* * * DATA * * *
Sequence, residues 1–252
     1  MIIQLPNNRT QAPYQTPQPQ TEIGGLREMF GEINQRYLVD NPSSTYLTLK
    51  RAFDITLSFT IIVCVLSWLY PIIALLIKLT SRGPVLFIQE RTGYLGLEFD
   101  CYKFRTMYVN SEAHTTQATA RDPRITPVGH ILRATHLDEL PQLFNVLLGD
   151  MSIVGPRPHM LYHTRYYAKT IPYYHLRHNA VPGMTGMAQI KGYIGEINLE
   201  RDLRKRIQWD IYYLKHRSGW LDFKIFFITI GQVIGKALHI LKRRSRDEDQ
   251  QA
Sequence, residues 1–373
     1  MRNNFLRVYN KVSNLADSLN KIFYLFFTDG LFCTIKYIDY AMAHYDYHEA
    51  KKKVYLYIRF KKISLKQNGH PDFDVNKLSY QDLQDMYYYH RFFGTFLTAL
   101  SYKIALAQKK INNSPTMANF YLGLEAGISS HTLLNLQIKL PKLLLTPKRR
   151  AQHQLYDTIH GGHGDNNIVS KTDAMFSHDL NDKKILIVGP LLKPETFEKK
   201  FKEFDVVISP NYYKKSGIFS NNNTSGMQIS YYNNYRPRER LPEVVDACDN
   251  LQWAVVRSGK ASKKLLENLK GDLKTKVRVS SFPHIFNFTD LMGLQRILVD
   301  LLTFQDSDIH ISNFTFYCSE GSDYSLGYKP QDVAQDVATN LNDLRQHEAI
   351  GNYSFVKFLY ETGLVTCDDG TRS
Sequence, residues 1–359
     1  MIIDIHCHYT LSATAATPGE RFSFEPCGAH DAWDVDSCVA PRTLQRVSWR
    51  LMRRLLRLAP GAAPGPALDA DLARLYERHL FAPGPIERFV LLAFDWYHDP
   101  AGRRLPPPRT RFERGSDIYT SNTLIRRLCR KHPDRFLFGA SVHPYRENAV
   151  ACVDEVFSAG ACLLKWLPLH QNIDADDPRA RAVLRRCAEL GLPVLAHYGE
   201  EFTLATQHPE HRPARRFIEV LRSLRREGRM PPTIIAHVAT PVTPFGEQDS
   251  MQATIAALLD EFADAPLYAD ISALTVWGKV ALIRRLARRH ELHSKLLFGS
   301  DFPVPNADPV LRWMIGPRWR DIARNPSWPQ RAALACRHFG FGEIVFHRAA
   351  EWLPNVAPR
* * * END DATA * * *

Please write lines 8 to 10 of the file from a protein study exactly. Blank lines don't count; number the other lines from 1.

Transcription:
Sequence, residues 1–373
     1  MRNNFLRVYN KVSNLADSLN KIFYLFFTDG LFCTIKYIDY AMAHYDYHEA
    51  KKKVYLYIRF KKISLKQNGH PDFDVNKLSY QDLQDMYYYH RFFGTFLTAL